These kids are young, growing men spending a great part of their day in vigorous physical exercise. I was once a young man who spent hours a day practicing and playing sports. I was hungry constantly. From the time I arrived home from school until I went to bed I was basically eating. I’m 5′ 7″ and weighed 130 at the time (not anymore).

My point is that the NCAA’s stated goal of keeping one school from having a competitive advantage over another school is merely a smokescreen. The reality is that college football and basketball generates huge amounts of revenue from sources that will be a surprise to many of my readers.

Texas A&M auctioned off replica helmets signed by Johnny Manziel and other team stars for $15K each. Johnny Manziel, unlike every other non-student-athlete, is not allowed to sell his signature.

Schools auction off seats at their various alumni dinners for thousands of dollars. The more someone pays the better table they get with the star athletes sitting with them.

Athletic apparel companies give millions to the schools which “redistribute” it to the coaches. This new strategy came into being in 2010 when the nature of Shoe Contracts became public. The athletic companies used to give the money directly to the coaches but the rank hypocrisy turned people off.

Coaches get paid in exclusive country club memberships, “Ask the Coach” media contracts, and a plethora of other non-salary revenue. The President of the NCAA is paid well over seven figures. The entire organization is tax-exempt.

I think it’s important not to lie to ourselves. The NCAA is not in the business of keeping the integrity of the sport intact. They are in the business of ensuring their cash-cow keeps churning dollars.

A lot of people benefit from the way the NCAA currently operates from the fans, to the construction companies building stadium, to politicians sitting for free in luxury boxes, to NCAA employees jetting around the country on private jets provided by the wealthy who want access to the glory of the athletes, to the seven-figure salaried announcers, to the fans who enjoy the game, and to the players who get to go to school.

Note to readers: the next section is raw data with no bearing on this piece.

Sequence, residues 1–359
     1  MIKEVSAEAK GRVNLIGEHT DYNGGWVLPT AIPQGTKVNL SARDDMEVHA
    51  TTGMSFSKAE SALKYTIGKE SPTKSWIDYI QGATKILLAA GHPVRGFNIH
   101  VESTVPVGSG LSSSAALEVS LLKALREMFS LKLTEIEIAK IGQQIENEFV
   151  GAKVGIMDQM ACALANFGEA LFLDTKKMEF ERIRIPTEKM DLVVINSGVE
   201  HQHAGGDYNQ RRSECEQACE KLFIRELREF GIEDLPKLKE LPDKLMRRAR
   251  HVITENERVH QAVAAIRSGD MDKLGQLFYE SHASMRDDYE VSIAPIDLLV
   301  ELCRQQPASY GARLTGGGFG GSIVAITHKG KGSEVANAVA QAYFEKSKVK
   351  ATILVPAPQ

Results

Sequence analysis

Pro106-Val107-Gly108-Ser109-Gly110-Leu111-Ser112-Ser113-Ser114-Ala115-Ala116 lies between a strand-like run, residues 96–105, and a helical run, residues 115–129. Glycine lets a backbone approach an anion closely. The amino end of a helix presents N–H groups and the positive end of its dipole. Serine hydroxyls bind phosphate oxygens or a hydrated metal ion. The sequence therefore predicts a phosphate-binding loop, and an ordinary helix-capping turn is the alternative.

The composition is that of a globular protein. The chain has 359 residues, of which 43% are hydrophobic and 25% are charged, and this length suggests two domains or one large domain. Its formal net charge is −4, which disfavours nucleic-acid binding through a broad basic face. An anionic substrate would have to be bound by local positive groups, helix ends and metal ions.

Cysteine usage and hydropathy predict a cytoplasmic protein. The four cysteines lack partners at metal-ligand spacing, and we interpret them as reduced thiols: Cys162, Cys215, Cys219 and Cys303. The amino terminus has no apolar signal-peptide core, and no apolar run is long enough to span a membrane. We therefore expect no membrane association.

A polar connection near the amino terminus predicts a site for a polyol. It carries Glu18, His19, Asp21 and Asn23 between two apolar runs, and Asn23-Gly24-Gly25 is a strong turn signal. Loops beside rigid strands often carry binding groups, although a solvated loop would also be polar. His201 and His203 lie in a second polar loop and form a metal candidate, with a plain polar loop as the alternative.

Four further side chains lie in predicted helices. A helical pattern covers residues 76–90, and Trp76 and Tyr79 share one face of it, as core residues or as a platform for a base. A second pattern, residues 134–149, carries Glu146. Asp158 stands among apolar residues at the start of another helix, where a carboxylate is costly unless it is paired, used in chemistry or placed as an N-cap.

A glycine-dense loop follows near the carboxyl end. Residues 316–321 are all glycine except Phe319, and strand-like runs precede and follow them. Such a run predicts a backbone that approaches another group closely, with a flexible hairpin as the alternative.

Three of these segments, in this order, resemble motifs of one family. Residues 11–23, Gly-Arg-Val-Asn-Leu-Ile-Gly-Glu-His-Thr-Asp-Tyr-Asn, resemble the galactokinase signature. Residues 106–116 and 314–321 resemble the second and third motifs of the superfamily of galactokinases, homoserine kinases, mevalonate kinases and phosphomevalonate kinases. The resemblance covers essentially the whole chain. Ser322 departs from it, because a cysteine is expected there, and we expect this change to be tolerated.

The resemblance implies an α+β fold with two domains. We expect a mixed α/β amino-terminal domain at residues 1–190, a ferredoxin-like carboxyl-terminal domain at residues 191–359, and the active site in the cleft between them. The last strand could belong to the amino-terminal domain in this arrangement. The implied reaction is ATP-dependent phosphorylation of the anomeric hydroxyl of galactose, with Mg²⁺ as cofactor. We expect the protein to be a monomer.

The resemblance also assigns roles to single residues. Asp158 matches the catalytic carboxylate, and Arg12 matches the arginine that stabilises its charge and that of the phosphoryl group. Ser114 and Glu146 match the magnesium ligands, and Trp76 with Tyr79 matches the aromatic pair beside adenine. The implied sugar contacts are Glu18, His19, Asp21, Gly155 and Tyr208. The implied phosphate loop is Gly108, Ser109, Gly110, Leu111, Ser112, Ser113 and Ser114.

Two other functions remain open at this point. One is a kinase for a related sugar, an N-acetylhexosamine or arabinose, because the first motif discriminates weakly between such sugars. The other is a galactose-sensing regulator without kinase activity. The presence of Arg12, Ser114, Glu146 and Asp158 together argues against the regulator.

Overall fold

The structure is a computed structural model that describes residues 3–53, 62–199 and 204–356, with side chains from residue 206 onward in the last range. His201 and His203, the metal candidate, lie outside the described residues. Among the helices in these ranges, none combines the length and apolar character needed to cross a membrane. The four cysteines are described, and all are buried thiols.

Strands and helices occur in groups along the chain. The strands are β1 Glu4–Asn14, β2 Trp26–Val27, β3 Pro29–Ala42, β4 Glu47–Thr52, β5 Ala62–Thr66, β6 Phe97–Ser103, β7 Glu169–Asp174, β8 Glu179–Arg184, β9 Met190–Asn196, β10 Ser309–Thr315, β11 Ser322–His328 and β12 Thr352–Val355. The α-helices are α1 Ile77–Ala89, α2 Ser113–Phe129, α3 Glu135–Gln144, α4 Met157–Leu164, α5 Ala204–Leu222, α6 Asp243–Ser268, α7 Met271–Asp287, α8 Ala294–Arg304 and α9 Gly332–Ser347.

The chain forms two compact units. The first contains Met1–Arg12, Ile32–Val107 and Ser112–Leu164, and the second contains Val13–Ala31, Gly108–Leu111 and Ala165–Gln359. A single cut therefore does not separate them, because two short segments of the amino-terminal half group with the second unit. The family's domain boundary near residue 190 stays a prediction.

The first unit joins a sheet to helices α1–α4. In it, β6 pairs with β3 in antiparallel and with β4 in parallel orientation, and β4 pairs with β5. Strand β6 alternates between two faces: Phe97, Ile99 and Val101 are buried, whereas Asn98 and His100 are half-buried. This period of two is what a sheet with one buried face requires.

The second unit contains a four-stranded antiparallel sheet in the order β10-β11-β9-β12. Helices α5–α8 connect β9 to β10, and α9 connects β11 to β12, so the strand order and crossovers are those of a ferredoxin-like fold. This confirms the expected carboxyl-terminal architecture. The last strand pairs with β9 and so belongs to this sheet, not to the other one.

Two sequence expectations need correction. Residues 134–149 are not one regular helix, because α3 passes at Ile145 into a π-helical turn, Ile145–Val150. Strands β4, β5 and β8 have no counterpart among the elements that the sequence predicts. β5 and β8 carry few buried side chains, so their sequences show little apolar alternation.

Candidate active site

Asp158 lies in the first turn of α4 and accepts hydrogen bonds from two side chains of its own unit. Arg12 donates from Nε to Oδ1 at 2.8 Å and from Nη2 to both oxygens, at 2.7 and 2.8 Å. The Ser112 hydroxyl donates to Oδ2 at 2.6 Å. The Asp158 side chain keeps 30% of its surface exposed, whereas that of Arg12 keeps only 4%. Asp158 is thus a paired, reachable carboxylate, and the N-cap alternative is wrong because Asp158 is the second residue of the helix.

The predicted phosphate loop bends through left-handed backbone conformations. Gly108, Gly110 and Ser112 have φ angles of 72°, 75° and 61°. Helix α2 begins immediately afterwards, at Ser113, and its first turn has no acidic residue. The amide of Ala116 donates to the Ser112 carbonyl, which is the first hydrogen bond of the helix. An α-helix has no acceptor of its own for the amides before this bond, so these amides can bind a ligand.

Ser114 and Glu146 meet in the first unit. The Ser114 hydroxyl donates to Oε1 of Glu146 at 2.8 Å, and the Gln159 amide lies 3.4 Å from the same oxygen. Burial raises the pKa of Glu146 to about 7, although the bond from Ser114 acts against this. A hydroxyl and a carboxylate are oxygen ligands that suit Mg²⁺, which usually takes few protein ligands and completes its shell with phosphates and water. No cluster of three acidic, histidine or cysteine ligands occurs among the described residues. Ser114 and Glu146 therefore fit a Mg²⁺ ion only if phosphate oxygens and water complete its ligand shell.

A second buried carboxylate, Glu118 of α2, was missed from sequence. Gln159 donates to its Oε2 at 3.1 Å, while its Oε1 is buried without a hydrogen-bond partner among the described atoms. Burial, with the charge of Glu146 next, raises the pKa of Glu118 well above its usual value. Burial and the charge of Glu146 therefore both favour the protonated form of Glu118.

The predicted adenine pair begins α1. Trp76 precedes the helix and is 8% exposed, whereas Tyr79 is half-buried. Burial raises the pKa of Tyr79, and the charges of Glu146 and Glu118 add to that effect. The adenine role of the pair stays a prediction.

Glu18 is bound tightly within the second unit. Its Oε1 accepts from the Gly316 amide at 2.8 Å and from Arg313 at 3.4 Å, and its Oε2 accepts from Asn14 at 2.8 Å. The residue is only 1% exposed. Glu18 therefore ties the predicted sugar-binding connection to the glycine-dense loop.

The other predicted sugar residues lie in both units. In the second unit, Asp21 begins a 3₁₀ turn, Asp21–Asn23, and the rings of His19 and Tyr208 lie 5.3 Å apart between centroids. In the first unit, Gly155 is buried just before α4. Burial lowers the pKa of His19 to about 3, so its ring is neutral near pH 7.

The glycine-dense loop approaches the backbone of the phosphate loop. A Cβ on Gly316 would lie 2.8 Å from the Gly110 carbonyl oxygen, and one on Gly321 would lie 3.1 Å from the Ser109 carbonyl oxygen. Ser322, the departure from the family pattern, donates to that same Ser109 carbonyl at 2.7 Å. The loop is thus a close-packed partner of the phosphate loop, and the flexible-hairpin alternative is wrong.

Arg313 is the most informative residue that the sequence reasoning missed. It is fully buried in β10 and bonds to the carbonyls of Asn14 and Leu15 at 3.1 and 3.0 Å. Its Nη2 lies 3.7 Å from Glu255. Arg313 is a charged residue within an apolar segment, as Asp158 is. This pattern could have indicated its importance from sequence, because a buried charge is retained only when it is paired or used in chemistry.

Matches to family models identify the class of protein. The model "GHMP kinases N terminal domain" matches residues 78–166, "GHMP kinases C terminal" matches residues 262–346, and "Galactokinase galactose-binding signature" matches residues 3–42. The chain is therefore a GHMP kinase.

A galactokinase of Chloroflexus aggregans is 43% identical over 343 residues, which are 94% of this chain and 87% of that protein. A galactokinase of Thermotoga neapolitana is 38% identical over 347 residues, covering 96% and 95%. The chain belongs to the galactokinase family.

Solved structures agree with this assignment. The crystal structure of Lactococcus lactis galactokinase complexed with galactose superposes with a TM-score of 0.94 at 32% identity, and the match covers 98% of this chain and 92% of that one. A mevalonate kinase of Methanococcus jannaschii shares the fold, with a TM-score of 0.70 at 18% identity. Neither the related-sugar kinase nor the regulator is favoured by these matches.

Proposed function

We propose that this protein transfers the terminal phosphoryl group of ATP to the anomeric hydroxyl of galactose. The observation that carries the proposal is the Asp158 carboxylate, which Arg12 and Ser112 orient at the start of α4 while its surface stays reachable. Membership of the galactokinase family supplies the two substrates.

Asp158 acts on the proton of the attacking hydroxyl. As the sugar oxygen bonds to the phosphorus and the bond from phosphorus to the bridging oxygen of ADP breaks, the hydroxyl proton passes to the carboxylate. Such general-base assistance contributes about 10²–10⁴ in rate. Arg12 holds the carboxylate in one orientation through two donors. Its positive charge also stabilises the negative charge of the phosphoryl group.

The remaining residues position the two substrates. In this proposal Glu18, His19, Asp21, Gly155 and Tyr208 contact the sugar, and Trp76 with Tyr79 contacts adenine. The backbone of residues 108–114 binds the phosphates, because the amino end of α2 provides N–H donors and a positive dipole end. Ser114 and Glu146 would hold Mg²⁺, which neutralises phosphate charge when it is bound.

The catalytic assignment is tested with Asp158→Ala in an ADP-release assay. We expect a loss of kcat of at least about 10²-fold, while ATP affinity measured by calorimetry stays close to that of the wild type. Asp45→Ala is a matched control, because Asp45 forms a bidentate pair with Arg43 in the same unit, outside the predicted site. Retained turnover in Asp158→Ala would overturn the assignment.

All I’m asking for is a little equity between all those interested parties.

I don’t begrudge the networks their advertising revenue, the construction companies their profits, the coaches, athletic directors, sideline reporters, and countless others their salaries.

The current system strikes me as grossly unfair to the student-athletes who are the underpinnings upon which all other profits are based. It’s strikes me as anti-American. It hits me in my Libertarian guts.

The value of a NCAA Division I football and basketball player has increased by an almost astronomical amount in the last twenty years and their remuneration remains unchanged.

I don’t like it and I don’t like the lie the NCAA tells to justify it.

Tom Liberman
Sword and Sorcery fantasy with a Libertarian Ideology
Current Release: The Broken Throne
Next Release: The Black Sphere

April 18, 2014 / Tom Liberman